6 Folk Psychological Explanations of Animal Behaviour Is it appropriate for a science of animal behaviour to… … ascribe intentional states to animals? … explain their behaviour in intentional terms? Cognitive ethology: YES

7 Cognitive Ethology Fully scientific explanations of mind and behaviour are refined versions of, and therefore continuous with, FP explanations Applicable to both human and non-human animals Two central tenets: 1.Mental state predicates are part of theoretical vocabulary of a productive, systematic, empirical theory (methodological naturalism) they need not be reduced to, or eliminated by, non- mental predicates 2.Intentional states are physical states (ontological naturalism)

8 Case Study: Play Two chasing dog cubs: why doesnt Y bite seriously? 1.Start with FP explanations X wants to play; Y realises that X wants to play 2.Systematic study of play behaviour - Same action patterns occur in other, non-play contexts biting in predation running in fleeing predators mounting in mating - An identifiable element (play bow) often closely associated with a potentially misleading action pattern

9 Case Study: Play 3.CEs scientific, mentalistic theory of play in dogs/wolfs X wants to play and communicates its intention by a specific signal (play bow) Play bow establishes a play context Play context generates in Y the belief that X wants to play; this is a specific second-order state of Y This belief explains why Ys biting is harmless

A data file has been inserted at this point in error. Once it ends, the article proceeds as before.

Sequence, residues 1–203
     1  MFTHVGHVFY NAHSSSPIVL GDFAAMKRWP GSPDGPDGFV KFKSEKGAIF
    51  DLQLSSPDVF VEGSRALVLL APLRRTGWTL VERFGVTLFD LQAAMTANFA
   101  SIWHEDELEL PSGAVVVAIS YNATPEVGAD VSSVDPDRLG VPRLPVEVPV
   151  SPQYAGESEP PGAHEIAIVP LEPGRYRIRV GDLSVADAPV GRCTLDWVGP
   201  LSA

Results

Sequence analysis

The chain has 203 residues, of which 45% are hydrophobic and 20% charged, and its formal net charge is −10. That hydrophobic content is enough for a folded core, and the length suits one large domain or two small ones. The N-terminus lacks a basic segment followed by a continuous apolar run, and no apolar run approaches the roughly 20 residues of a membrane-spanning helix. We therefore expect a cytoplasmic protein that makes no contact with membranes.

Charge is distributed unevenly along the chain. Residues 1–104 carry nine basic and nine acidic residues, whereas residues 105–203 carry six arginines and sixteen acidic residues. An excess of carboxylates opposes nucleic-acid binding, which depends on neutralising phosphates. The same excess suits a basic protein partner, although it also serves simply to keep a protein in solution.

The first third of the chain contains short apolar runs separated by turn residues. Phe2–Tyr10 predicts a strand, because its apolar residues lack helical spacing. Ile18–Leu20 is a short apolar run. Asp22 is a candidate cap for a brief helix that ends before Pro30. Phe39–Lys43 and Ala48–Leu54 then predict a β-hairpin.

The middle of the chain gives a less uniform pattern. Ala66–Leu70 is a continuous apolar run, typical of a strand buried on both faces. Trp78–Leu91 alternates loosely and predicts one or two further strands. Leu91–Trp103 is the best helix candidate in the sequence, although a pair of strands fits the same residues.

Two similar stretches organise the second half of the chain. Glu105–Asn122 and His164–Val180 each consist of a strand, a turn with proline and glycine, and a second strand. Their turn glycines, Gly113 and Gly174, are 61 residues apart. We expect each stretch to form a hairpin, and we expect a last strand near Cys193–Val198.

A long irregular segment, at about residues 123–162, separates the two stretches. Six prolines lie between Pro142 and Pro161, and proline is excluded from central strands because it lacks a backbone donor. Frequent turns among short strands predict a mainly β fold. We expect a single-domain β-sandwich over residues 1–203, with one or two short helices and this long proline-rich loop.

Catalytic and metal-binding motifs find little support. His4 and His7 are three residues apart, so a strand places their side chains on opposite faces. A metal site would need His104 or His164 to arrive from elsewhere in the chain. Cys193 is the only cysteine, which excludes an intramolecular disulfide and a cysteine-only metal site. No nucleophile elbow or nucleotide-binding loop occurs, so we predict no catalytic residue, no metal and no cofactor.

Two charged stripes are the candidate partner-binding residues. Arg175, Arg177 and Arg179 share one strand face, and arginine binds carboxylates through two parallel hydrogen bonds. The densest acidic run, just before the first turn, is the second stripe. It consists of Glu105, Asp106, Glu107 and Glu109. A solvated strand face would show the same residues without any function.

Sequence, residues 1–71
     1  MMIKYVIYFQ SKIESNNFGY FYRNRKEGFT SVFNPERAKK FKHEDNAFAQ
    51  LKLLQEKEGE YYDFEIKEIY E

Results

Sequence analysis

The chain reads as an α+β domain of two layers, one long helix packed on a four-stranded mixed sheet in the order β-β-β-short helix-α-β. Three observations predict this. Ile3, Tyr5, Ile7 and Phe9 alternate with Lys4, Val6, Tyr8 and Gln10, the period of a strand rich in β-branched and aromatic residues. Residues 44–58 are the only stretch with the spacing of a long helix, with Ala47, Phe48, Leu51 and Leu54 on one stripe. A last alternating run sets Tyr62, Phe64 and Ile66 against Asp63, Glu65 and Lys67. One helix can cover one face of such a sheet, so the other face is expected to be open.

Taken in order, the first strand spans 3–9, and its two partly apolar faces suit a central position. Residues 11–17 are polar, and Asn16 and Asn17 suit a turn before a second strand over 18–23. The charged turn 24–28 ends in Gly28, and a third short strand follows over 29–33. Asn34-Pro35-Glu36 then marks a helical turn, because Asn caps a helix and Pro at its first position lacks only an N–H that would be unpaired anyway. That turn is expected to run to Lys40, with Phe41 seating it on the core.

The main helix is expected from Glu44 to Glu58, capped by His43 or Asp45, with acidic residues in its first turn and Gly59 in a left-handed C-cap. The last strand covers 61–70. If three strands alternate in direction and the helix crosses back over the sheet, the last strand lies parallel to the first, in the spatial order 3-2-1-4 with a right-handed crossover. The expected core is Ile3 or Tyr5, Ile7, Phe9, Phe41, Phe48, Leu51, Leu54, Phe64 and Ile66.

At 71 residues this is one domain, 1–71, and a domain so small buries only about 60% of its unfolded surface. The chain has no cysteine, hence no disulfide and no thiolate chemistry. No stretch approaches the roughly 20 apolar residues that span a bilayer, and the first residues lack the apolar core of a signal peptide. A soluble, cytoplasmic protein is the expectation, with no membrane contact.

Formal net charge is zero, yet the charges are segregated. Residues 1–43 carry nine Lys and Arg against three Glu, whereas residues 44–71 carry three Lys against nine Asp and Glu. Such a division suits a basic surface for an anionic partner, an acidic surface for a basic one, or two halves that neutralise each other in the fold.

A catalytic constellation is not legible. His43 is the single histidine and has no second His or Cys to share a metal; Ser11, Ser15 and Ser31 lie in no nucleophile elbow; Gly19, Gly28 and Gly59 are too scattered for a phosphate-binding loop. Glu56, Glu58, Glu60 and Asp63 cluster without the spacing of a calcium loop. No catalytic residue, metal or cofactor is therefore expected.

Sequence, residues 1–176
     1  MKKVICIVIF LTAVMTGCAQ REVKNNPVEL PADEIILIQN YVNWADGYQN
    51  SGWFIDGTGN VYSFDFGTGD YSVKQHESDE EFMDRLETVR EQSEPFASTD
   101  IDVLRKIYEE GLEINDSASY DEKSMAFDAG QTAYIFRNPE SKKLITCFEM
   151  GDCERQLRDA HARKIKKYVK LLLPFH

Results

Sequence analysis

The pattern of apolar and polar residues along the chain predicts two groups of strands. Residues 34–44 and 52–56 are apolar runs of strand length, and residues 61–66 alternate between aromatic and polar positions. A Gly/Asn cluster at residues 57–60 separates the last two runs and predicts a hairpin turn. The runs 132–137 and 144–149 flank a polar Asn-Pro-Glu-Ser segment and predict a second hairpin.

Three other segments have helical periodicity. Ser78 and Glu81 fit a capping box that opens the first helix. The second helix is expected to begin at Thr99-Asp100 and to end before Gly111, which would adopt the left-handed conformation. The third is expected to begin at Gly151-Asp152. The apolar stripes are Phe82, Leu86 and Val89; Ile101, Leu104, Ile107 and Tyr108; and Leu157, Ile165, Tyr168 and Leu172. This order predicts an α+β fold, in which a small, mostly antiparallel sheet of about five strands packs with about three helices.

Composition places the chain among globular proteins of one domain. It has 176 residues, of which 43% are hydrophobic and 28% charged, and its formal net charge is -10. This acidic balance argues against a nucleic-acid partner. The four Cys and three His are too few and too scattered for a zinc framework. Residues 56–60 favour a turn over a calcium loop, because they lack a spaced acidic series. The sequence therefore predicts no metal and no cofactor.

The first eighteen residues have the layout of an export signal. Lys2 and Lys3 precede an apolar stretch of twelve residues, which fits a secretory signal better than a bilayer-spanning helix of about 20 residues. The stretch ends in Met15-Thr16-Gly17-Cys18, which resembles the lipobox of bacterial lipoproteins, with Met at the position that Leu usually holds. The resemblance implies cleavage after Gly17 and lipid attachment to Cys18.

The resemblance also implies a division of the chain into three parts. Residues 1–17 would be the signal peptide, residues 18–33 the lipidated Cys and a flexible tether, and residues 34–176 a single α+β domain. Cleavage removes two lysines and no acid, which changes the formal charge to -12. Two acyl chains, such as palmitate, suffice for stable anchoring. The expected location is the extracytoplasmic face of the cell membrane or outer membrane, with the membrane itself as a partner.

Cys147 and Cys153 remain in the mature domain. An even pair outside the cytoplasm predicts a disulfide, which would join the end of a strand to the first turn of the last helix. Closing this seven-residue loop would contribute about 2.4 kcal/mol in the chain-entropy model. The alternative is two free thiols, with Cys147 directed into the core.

10 Levels of intentionality (Dennett) 0 order: X lacks intentional states (ITs) 1 st order:X has ITs X wants to q X believes that p 2 nd order: X has ITs about ITs X believes that Y wants to q X wants Y to believe that p 3 rd order:X has ITs about higher-order ITs X believes that Y wants Z to want q X wants Y to believe that Z believes that p

11 Attributing Intentionality Is it justified to attribute intentional states to animals? = do (some) animals have (at least) 1 st order intentionality (rather than 0 order intentionality)? Cognitive Ethology: this can be settled empirically test competing hypothesis of intentionality

12 Attributing Intentionality – Vervet Alarm Calls Vervet monkeys can emit three distinct types of alarm calls in response to three different types of predators e.g. leopard alarm call when a leopard is detected